LONDON - Today Muslims are being challenged to face up to the fact that crimes are committed in the name of their religion. Like many, I am finding it hard to accept.
One of the crucial factors about the London bombings, I think, goes right back to school: where did those who carried out the attacks get their teachings from? What curriculum were they following - or not following - when they decided it was OK to blow up themselves and people they didn't even know? What background have the bombers come from and who taught them?
As a new Muslim - I wasn't born a Muslim and didn't have the customary upbringing - receiving an English translation of the Qur'an as a gift in 1976 was a wonderful chance to learn from scratch what the teachings of this misunderstood religion really proclaimed. You may or may not know that the word Islam is rooted in the word 'peace'.
Yes, some have claimed that there are verses in the Qur'an which endorse violence and fanaticism. But all that proves is that, when you quote out of context to further your own particular brand of extremism, you can choose any book on the shelf. Islam is not alone.
The message I picked up from the Qur'an was quite different. I found the light of knowledge and godliness shining from the verses and stories, linking mankind together as one family, regardless of colour, status or nationality. It told me of the wondrous universal teachings of peace and unity advocated by the greatest of educators, people such as Abraham, Moses, Jesus and others. Yet the followers of these messengers, in defiance of their noble teachings, have indulged in countless wars.
You can't blame the teachers. You have to blame the distortions and ignorance of their followers.
Again, Islam is not unique in this. At the end of every Friday sermon around the world, in every mosque, the imam usually recites the following words from the Qur'an: "Verily, God commands justice and kindness and giving to relatives and He forbids indecency, objectionable actions and extremism. God instructs you that you may be reminded."
Yet no matter what the teachings convey, some listeners will be selective, and may choose not to be reminded.
It's uncomfortable but easy to imagine youths today - many of whom are fugitives from the mosques in the first place - growing up against the backdrop of the injustices lambasting the Muslim world, being impressed by the fiery rhetoric of the sharp-tongued dogmatists. Youngsters are naturally attracted to short-cut solutions. This is where many of the problems start.
Education is crucial. Here in Britain, the education system has been slow, at best, in allowing Islamic teachings to be taught in their full breadth. There is a lack of commitment to the rigours of traditional learning.
In the West, where Islam is denigrated and prejudice abounds, where headlines designed to shock and mesmerize dominate people's minds, the real teachings of the faith are left for people to fall upon by chance. In terms of spiritual and moral nourishment, it has been left to largely irregular and inadequate models of religious education to deliver the goods.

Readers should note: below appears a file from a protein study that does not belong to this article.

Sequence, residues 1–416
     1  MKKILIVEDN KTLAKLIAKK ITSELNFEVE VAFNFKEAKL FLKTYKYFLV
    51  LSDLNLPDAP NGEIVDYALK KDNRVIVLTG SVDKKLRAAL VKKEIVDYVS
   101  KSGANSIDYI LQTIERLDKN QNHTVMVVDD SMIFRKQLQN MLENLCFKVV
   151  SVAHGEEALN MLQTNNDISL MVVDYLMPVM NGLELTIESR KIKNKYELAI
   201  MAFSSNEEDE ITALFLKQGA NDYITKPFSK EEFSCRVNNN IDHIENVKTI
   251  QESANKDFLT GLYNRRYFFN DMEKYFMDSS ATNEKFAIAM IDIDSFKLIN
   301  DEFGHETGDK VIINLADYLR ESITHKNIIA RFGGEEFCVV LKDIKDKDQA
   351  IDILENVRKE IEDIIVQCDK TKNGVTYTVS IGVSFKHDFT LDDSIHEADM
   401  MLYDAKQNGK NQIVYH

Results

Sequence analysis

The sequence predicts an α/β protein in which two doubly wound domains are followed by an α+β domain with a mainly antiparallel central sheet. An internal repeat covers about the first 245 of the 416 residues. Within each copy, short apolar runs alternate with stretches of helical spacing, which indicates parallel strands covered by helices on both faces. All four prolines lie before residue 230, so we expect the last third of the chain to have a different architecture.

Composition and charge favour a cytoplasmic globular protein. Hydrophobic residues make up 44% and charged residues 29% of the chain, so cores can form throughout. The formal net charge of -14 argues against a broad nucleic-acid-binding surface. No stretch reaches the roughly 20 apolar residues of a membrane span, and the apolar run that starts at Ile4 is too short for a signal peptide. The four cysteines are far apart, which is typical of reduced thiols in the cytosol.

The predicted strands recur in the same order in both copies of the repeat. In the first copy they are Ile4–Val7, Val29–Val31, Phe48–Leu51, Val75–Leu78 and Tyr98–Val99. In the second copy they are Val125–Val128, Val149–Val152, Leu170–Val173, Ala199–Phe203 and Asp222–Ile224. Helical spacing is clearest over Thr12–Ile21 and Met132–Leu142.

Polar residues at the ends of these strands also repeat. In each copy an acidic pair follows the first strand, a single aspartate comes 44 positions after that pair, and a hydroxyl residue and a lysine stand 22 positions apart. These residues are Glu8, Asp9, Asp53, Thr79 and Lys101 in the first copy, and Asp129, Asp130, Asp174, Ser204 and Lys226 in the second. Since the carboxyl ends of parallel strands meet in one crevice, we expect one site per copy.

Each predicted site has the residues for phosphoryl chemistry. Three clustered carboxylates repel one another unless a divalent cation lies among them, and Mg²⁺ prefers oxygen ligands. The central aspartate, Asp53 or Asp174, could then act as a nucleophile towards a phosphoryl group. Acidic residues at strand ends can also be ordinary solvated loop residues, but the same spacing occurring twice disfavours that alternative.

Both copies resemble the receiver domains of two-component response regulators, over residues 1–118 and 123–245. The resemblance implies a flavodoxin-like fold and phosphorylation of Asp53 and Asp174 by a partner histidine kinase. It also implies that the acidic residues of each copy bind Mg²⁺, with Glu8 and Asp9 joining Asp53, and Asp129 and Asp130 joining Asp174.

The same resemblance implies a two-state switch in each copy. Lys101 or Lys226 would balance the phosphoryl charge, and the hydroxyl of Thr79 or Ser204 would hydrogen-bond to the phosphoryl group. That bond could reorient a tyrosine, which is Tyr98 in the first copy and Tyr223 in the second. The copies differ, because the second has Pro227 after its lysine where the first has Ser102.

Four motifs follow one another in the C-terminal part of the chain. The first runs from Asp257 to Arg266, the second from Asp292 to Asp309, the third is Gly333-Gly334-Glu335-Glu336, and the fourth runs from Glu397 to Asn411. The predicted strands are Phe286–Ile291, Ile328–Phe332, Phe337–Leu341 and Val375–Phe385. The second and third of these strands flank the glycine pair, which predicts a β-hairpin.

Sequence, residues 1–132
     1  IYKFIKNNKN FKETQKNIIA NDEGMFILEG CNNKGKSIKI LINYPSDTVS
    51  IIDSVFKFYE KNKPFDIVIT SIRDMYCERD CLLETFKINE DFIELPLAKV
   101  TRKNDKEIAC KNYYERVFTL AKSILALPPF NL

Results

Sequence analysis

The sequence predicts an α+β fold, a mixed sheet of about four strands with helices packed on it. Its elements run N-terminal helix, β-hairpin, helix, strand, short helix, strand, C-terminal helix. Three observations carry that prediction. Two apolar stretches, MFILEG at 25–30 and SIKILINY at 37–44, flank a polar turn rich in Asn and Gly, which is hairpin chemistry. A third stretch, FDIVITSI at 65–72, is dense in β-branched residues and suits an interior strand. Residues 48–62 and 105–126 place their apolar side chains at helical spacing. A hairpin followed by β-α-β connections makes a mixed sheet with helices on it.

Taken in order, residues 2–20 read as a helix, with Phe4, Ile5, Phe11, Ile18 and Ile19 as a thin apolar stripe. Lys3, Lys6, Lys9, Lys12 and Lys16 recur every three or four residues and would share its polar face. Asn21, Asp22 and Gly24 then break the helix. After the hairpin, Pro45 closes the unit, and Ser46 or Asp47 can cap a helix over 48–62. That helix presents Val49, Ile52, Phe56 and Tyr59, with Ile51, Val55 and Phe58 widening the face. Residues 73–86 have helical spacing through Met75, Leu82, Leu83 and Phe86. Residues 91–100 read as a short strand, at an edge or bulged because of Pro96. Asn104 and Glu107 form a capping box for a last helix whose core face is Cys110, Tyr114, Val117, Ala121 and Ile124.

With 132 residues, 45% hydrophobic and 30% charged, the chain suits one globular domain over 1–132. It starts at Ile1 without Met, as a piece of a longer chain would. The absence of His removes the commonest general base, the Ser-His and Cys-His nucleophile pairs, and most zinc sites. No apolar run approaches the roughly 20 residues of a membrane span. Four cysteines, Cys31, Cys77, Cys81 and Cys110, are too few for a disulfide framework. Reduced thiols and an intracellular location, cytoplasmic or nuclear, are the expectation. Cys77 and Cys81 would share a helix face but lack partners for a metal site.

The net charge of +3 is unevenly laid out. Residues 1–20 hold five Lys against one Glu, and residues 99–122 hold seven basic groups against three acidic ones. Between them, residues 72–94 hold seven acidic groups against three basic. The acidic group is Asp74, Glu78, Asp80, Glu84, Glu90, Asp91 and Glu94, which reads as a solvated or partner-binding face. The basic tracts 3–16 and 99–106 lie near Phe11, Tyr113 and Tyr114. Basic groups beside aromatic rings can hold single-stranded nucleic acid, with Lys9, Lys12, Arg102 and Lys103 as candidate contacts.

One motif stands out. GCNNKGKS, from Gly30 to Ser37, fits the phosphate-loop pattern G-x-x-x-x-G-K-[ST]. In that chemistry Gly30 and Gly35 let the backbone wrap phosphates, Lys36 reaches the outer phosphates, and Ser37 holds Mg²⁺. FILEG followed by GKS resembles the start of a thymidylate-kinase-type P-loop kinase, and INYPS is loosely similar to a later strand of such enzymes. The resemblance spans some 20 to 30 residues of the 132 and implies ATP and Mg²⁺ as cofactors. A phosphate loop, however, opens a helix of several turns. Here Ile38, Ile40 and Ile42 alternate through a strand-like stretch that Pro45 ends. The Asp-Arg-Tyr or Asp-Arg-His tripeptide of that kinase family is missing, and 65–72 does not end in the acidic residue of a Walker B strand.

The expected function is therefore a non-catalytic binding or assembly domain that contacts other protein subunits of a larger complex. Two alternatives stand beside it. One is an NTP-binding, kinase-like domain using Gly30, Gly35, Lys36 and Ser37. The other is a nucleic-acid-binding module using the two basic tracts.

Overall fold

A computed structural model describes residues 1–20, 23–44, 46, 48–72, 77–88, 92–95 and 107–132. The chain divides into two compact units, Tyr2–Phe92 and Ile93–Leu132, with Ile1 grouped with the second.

An hour-long mosque sermon, once a week - which most Muslims attend - or a lecture by a visiting scholar who barely speaks English and has little understanding of British and European life, are never likely to deliver the balanced curriculum necessary to build the conscientious believer, one who not only knows his duty to God but also to the society and world he lives in.
The July 7 bombers attended state schools in Britain, not faith-based schools. Some of them, we are told, briefly visited madrassa schools in Pakistan. This may or may not be relevant, but it suggests that they felt they had had insufficient Islamic education in Britain. By going abroad, they laid themselves open to influences outside normal scholastic parameters.
If we fail to provide authentic and traditional spiritual values within everyday schooling, we allow rogue ideologists to distort the essence of religious concepts. We also exclude invaluable wisdom and repress the strong spirit of devotion that many believers naturally feel.
The teachings of Islam have nothing to do with the recent barbarities. The problem, to oversimplify, is not too much Islam but too little. In the same way, Christianity didn't produce Hitler; but the absence of true Christian teachings and a lack of strong spiritual role models must have contributed.
Faith-based education produces major benefits. At, Islamia Primary, the first Muslim school to be granted aided status by the British government, by conforming to and delivering the national curriculum, we are able to balance society's needs with the aspirations of Muslim parents. The results are not perfect, but they are encouraging.
Children and particularly those disposed to disaffection, need spiritual support and firm moral borders when confronted by the pressures of modern life. We aim to provide these in a context of learning.
Historically, Islamic civilization nurtured the development of science and spurred the arrival of the European Renaissance. "Seek knowledge, even if it is in China", is a much quoted Islamic proverb attributed to Prophet Muhammad. An uneducated Muslim is a dangerous entity to himself as well as to others. Ignorance contradicts the very essence of true Islam, which is based on the love and search for knowledge. So without knowledge, please don't blame Islam.
Yusuf Islam is chairman of the International Board for Educational Research and Resources. In 2004 he was honoured with the 'Man for Peace' award by a committee of Nobel peace laureates.